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Virginia Congressman Eric Cantor supports providing students with alternatives to public schools, and he wants you to know about it. So, naturally, he’s in Philly today—in the middle of a massive budget deficit—to talk private school and policy change.
His speech at the Freire Charter School started this morning around 10 a.m., with Cantor calling for policy that “places less emphasis on federal budget math and more on education.”
Sounds nice, but local education advocate Helen Gym is calling foul:
“Cantor supports a false notion of choice,” she wrote on her Twitter page. “To defund public schools and give parents “choice” among an erratic range of charters.”
Gym, along with activists from the Philadelphia Coalition Advocating for Public Schools protested Cantor’s arrival, arguing that public education would see a massive bout of defunding should the Congressman get his way.
The group that protested Cantor’s arrival in 2011 for a similar event, Occupy Wall Street, of course, is no longer around. Too bad we didn’t listen to them then. [NBC]
Red light cameras: not just for the city anymore. We all have Abington Township , the first municipality outside of Philly to install the cameras, in Montco to thank for that. The township could see up to three cameras go up before the year’s close.
PennDOT approval is still pending, but the township has already signed a deal with a Massachusetts-based company to install the lights at several high-traffic points around town:
If PennDOT gives the final green light to the project, cameras could be functioning by year’s end at Old York Road and Susquehanna Road, Old York Road and Old Welsh Road, and Moreland Road and Fitzwatertown Road.
Philly is the only municipality in Pennsylvania with red light cameras currently, but nationally, more than 500 communities across 24 states utilize the technology. The possibility for cameras in the ‘burbs only opened up last year, when legislation passed to allow their installation. [CBS]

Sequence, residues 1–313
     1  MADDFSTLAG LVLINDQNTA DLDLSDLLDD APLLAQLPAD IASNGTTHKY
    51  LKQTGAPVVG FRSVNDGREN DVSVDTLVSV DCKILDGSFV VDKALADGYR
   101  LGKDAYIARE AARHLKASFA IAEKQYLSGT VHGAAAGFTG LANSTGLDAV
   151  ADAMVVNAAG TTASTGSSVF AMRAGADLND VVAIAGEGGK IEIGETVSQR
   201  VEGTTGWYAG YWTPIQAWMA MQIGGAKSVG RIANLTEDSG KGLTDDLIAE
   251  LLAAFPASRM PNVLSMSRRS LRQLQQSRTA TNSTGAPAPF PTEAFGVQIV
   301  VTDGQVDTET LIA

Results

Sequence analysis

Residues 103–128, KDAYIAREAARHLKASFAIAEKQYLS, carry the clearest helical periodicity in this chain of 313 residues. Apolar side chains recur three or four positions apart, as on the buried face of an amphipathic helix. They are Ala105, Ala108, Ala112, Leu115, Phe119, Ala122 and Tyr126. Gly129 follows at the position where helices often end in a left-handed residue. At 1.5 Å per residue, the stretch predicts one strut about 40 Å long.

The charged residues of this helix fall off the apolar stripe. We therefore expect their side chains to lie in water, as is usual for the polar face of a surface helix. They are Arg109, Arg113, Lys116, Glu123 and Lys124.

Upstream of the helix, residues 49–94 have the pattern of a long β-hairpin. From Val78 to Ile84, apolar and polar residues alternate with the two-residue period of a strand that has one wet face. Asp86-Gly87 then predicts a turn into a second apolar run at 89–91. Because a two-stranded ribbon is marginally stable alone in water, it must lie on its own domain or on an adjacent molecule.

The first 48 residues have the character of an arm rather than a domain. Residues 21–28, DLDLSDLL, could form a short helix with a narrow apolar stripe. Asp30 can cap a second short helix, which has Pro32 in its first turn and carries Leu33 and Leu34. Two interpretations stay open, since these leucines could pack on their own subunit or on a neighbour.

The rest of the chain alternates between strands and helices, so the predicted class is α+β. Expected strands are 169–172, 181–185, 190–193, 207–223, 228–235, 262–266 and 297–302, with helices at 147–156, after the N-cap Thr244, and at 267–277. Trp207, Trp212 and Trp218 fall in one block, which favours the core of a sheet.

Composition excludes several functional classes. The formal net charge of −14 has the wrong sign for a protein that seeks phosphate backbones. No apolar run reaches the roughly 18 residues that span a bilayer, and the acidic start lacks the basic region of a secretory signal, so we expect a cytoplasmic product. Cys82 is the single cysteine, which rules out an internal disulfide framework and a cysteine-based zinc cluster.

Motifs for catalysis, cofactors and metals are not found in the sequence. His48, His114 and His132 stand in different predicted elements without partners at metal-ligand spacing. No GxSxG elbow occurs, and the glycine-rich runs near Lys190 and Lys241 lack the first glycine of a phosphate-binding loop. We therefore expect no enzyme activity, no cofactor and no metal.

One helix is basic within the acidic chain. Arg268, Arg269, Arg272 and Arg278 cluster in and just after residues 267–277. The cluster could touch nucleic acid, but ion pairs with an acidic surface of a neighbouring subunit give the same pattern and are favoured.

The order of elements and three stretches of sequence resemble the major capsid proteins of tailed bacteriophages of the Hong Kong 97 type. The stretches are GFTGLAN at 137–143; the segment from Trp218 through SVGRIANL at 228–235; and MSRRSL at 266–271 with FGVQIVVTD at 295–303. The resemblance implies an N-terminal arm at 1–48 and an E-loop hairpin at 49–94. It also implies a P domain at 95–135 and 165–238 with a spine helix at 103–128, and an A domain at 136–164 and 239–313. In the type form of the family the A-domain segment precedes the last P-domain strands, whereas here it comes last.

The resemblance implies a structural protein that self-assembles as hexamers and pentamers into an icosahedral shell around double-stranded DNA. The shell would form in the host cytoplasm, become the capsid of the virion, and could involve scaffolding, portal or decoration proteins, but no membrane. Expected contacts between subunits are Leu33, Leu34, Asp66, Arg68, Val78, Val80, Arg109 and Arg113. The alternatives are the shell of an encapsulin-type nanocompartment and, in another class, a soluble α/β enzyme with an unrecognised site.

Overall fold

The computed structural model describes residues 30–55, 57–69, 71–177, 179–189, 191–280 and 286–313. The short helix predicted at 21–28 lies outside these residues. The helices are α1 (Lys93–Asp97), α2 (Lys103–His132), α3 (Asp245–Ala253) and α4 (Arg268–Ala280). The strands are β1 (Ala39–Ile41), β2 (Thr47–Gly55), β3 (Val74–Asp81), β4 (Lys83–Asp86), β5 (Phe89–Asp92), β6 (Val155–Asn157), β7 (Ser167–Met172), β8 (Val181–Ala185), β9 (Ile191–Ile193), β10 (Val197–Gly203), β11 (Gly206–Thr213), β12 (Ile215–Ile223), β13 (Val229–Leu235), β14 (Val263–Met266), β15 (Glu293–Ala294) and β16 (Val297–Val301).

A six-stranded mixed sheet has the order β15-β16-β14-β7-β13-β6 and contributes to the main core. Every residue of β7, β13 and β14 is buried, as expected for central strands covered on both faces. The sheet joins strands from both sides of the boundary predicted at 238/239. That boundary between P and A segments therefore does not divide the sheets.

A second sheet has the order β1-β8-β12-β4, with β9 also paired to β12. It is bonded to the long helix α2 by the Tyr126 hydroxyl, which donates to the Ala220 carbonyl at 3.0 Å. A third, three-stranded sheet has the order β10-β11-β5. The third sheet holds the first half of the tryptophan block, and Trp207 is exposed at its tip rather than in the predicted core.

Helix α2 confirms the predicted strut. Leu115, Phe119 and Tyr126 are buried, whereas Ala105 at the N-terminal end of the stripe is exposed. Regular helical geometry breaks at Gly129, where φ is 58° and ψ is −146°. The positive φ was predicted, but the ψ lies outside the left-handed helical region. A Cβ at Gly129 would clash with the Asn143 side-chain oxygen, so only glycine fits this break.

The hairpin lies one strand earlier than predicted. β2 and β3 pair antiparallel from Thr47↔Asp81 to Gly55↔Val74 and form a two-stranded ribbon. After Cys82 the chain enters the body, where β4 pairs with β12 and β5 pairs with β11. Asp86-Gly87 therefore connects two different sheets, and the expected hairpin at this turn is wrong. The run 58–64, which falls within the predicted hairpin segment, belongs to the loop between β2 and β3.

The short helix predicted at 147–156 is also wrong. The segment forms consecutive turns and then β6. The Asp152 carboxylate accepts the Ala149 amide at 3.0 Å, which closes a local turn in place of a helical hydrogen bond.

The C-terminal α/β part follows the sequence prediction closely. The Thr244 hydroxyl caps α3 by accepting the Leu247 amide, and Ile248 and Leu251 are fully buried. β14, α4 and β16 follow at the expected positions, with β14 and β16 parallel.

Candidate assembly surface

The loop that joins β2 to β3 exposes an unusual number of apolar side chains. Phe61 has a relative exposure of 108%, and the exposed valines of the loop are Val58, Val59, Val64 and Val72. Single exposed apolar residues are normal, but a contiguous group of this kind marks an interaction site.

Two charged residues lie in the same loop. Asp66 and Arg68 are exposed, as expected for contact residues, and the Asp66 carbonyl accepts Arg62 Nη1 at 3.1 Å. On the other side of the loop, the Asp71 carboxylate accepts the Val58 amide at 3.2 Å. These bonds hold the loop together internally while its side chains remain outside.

Tom Corbett has a plan to provide insurance for 500,000 uninsured Pennsylvanians as part of his proposed Medicaid changes—all you’ve got to do is get a job.
In an announcement today, Corbett will discuss his Medicaid plans, including a scheme to provide insurance for the poor uninsured by using public money for commercial insurance policies. This is the latest in a series of steps Corbett has taken to expand the state’s Medicaid coverage, all without increasing the role of Medicaid itself. The solution, naturally, is private providers.
The state, however, won’t support applicants here unless they pass a work-search requirement, which forces those applying to look for work before they can receive healthcare. That health care, by the way, bases co-pay on income and caps them at $25 a month. Pennsylvania is the only state in the country to follow that framework.
Low-income resident advocates have since taken issue with Corbett’s projected plan:
“What’s bad about it is that under the guise of reaching out to cover people with health insurance, they are going to take benefits away from an awful lot of people,” said Richard Weishaupt, senior attorney at Community Legal Services of Philadelphia. “Welfare provides a mom and a kid $316 a month, and they get Medicaid. How in the world are they going to come up with $25 for health insurance?”
Presumably from the $316 monthly welfare check, which that hypothetical mother can only then receive if she’s looking for work already. Choosing between being healthy and eating is nothing new for the lower class. Right, Tom? [Philly.com]